From there, “The Crowded Room” bounces between his flashbacks and their conversations. Turns out Danny was “sad and moody” as a teenager, which alienated from his peers and pissed off his jerk of a step-father, Marlin (Will Chase). He has a few loyal friends, and they help him whenever they can — hiding pot from the principal, helping him score a date with the cute new transfer student, and protecting him (when possible) from bullies.
Danny’s adolescence isn’t all that different from many teen experiences (and not all that compelling on its own), until he stumbles upon The Ghost House — a long-empty home near his mom’s place that soon gets a new tenant: Yitzhak (Lior Raz). Quiet and built like an ox, Yitzhak and Danny don’t really talk until one day when he gets in a fight right outside The Ghost House. Yitzhak intervenes, scaring away Danny’s tormentors, and he quickly invites Danny to move in with him. While a strange, even dangerous choice to outsiders, Danny sees Yitzhak as his protector — not only from bullies, but from his bad step-dad.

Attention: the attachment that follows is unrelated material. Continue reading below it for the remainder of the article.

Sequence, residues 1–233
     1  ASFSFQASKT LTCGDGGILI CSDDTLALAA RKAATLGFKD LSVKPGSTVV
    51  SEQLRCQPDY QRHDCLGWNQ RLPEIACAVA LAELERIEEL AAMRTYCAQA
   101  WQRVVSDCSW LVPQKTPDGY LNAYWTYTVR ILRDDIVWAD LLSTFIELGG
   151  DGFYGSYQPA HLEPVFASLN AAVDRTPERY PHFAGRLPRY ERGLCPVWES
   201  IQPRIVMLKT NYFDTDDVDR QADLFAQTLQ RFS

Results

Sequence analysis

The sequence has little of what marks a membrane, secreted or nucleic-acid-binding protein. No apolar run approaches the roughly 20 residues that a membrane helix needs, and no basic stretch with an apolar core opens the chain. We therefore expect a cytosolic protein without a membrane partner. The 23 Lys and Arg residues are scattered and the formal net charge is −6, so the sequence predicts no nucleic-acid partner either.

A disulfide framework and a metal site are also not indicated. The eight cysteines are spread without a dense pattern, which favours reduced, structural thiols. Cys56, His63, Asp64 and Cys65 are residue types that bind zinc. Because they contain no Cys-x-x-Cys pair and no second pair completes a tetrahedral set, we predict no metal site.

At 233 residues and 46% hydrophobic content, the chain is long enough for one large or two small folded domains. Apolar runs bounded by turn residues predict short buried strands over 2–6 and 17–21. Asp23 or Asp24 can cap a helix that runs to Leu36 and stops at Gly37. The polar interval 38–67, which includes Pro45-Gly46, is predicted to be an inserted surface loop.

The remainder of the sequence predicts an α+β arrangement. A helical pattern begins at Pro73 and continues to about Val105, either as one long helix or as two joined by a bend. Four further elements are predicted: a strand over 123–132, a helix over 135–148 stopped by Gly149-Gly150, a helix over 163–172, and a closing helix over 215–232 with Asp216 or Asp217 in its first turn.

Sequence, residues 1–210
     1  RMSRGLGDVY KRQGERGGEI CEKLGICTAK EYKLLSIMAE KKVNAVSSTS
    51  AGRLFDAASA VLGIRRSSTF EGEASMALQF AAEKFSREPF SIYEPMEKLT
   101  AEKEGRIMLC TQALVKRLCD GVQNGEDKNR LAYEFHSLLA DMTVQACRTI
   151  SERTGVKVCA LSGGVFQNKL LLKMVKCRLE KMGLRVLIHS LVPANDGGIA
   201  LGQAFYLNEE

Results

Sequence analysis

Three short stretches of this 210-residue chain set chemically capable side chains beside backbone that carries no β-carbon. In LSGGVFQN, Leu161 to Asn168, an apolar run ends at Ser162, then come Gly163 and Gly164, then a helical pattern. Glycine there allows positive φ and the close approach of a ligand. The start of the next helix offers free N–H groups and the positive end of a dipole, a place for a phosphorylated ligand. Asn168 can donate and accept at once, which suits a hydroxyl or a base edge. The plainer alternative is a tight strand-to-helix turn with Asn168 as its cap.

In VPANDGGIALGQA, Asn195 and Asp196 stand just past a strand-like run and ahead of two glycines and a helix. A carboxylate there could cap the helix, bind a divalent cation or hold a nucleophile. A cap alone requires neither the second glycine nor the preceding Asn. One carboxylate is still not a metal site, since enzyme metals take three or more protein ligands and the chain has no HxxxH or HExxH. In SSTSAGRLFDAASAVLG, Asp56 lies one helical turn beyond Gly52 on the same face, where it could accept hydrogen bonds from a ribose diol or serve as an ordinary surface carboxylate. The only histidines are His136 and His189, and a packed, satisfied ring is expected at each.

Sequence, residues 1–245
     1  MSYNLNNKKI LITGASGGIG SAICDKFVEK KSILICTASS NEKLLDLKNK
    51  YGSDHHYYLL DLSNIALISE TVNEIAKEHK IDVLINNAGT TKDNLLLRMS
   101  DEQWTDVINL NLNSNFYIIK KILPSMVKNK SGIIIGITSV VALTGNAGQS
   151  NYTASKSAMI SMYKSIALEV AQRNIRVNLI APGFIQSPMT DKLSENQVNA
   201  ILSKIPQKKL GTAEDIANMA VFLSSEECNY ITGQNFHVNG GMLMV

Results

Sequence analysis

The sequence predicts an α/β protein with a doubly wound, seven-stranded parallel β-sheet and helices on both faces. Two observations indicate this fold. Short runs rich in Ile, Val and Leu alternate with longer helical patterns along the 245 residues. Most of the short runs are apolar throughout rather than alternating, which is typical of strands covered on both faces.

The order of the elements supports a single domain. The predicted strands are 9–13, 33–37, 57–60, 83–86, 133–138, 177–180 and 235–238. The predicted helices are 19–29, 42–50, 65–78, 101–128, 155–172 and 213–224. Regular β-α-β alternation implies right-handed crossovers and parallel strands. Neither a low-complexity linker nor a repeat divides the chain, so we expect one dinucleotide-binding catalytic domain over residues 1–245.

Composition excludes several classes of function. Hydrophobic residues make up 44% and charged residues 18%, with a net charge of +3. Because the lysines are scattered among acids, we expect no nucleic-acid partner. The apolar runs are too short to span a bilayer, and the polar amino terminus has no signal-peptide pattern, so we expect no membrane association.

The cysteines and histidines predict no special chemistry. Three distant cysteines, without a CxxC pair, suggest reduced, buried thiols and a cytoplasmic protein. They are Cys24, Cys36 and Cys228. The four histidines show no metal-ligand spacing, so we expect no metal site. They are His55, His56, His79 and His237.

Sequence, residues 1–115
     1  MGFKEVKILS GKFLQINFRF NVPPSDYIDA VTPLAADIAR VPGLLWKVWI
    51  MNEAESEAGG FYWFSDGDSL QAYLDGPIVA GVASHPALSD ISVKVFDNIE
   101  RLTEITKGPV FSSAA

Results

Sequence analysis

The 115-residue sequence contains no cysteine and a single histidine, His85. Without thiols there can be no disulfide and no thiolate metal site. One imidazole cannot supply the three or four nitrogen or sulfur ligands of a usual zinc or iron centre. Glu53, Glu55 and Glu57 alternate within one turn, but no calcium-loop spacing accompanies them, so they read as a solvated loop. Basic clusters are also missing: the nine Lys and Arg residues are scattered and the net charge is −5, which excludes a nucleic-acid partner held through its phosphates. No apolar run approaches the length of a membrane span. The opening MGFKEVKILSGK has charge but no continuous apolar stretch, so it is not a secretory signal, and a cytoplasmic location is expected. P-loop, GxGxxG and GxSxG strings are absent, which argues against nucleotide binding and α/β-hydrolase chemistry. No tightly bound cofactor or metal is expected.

“You never thought it was strange that this man just showed up and saved you?” Rya asks Danny, when first hearing this part of his story. “No,” Danny says. “I didn’t. Not at the time.” Curiosity-spiking observations like these are peppered into the opening episode, inviting questions that aren’t plainly answered for some time. Stilted sequences — where dialogue seems selectively truncated or that start and end in odd places — give the same secretive effect. Yet “The Crowded Room” presses on, as Danny makes new friends at The Ghost House and even goes searching for his biological father.